With regard to investment, we will have road hauliers and people involved in transportation here later on today. One of the problems that may arise is that transport across the UK may become extraordinarily expensive. What is Mr. Cox's view with respect to investment in what I would call the European superhighway, that is, the development of our ports in Cork and Waterford? I envisage the possibility of ten or 15 ferries a day travelling between Cork and Roscoff or Waterford and Roscoff, in order to bypass the tariff issue.
I will pose a question on the issue of European solidarity and the pathway forward - the White Paper to which Mr. Cox adverted earlier.
Does he agree that we must wait for the final outcome of the Italian election and possibly even the Irish election before we consider what type of European Union of the future we will have? Is it all in for solidarity or is it the watered-down version? I am interested in Mr. Cox's views.
I welcome my fellow Limerick person to the Chamber. I am not sure if he covered it in his presentation but I have a question on education. Foreign students in Ireland pay higher fees. When Irish students go to the UK, they pay the same fees as UK students. I am very concerned about whether Irish students travelling to the UK to college will be treated like foreign students and faced with high fees. There is a quite a bit of movement between Ireland and the UK for education.
Mr. Pat Cox:
Reference was made to other witnesses talking about trade flows and so on. Trade with the USA is particular because of the volume of US foreign direct investment and the level of in-company trade that takes place. It is not to say that is all of it but it is a very large part of it. That is a structural issue in the Irish economy. In or out of the EU and with or without Britain, that structural issue is there. There is no doubt that the larger part of the rest of the trade gravitates to the EU 27. A point which should not be ignored is that the EU has the exclusive competence under EU law to negotiate free trade area agreements between the EU and other states. Of the order of 90% of Irish exports are covered by EU free trade area agreements. If I am being asked whether I think a small state has the same weight in that global environment to negotiate trade as a large bloc like the Single Market, my answer is "No". We derive a considerable advantage in our non-EU trading relationships from EU free trade area agreements. Indeed, this is one of the complexities for Britain. Britain will need not only to negotiate new trade arrangements with the EU, it will need to renegotiate 55 free trade area agreements under which it enjoys trading privileges with other states because of the EU. That accounts for 85% of British trade.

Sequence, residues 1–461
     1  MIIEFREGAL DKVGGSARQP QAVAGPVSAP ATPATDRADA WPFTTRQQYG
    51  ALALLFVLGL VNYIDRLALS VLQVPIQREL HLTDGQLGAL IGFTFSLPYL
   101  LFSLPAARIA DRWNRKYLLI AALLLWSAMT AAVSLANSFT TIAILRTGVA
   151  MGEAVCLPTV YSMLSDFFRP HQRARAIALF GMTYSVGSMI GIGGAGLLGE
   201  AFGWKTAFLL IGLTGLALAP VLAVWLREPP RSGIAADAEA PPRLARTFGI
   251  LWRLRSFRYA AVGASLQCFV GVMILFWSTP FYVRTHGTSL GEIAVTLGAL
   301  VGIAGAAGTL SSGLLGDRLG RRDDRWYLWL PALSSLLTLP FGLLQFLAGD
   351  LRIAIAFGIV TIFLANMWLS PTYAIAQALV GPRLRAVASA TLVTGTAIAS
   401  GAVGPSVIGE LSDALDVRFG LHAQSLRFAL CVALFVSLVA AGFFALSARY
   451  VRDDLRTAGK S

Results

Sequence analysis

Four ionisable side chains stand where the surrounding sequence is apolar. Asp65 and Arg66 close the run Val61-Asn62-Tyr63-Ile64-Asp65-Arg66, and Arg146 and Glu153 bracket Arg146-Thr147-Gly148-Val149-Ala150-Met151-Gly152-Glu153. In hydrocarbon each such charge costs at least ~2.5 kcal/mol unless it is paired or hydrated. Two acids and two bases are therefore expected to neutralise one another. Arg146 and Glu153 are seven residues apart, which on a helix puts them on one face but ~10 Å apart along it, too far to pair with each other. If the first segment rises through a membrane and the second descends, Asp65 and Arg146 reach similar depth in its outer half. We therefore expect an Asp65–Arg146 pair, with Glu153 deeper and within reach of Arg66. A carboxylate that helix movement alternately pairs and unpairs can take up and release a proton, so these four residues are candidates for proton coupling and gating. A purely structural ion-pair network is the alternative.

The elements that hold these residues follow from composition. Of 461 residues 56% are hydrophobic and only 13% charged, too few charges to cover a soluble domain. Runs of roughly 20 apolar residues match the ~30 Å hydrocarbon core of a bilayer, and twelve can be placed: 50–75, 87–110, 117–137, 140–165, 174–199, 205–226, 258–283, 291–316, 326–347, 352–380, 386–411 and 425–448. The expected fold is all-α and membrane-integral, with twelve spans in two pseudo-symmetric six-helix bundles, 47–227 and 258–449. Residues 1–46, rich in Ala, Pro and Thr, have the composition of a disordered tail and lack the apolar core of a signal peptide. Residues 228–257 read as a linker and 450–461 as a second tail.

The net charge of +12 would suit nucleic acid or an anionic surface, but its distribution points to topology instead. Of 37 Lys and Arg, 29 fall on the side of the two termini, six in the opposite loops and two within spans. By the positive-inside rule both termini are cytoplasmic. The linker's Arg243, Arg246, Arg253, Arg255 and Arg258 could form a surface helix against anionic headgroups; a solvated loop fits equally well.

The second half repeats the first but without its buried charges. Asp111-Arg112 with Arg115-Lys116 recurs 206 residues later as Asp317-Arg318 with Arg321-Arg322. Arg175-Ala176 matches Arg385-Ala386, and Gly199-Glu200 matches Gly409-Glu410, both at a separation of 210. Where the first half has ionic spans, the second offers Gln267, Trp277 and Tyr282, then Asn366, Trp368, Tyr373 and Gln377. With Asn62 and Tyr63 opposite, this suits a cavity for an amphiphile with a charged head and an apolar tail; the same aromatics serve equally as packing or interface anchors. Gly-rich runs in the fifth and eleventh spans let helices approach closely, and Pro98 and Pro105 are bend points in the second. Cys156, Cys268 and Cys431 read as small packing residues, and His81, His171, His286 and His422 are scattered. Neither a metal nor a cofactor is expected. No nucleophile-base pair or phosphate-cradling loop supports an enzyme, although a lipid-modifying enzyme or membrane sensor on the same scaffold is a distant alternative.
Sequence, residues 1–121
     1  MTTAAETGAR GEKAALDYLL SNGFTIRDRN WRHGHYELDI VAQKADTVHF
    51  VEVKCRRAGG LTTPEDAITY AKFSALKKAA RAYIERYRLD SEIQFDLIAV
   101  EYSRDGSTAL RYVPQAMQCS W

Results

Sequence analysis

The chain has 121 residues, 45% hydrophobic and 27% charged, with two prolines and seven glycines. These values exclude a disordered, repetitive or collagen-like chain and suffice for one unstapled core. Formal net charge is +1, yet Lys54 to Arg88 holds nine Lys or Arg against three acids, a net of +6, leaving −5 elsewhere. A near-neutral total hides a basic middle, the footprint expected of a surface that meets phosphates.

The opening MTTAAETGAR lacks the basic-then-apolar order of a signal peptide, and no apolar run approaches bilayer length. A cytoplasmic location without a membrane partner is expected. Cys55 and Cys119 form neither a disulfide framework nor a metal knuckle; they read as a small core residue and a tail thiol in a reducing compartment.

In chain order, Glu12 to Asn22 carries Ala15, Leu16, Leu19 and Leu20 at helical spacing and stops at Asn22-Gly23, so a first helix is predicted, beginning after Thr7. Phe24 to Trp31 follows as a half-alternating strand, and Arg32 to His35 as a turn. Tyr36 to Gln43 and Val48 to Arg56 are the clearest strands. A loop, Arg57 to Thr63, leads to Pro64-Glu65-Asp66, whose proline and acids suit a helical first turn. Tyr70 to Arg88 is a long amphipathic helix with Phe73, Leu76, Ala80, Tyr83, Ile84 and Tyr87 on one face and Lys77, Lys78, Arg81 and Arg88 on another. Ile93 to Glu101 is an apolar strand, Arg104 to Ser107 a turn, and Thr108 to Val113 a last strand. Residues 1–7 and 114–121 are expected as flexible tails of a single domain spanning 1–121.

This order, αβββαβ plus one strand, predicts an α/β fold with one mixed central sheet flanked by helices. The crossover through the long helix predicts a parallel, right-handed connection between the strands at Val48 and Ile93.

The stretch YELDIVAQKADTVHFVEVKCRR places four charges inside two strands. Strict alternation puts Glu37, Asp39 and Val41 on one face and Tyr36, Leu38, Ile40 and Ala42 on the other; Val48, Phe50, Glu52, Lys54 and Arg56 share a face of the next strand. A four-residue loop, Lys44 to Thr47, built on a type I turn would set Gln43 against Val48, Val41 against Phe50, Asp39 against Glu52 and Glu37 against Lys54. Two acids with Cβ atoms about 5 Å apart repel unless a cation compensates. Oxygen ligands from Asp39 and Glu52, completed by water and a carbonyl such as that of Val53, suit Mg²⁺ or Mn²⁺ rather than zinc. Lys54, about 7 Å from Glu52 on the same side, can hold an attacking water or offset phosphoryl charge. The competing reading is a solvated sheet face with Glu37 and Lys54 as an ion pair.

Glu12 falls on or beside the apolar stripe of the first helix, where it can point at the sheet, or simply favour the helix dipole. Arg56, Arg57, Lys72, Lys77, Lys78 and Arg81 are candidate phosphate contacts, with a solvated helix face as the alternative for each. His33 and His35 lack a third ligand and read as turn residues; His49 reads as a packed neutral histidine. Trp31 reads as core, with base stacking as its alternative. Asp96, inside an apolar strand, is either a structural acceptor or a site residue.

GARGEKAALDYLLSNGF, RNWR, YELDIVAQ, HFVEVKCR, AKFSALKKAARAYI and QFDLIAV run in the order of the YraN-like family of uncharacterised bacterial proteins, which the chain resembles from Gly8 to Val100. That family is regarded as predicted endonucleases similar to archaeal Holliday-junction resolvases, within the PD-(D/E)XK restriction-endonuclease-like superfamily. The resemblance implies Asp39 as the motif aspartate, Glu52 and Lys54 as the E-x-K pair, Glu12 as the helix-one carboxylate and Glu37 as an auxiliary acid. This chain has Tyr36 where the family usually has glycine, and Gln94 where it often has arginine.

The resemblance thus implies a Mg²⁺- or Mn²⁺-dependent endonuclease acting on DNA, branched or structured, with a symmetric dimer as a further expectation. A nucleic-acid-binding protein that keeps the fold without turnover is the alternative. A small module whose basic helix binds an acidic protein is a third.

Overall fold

I refer to net contributions. Just as earlier we were a net beneficiary, these are a function, happily, of our relative economic success. In spite of the many issues we have at home, we are, relatively speaking, one of the wealthier EU economies. Paying the net contribution is a function of the success we enjoy. When we joined the EEC, we were one of its poorest regions. Consequently, we were entitled to draw down substantial funds to assist our development. Not only do we have the benefit of trade for the money and access to a market, there is a great deal more we get which ought not to be set to one side by those who chose to ignore these things. For example, I refer to the last question. We get for all of our students the same rights as any student in any member state. If a state does not charge its own students, it cannot charge an Irish student because we are European and equivalent to them. When we get our qualifications, they are mutually recognised professionally as qualifications across the EU. When one is issued with a passport or driver's licence, it is recognised everywhere. One does not need to get a German driver's licence to be in Germany because the Irish one will work. We have ERASMUS exchange programmes, CAP funding, Leader funding and trans-European network funding in respect of ports, which are already providing things here. We have research and development grants for Science Foundation Ireland, our universities and leading innovators and researchers. While we have access to the Single Market, we have a great deal more besides and we should not ignore that. Beyond that are the intangible benefits of living on a continent that only knew war but which for the prolonged period, by historical European standards, of seven decades has lived in peaceful co-existence. That is an important stability condition from which much of the rest follows.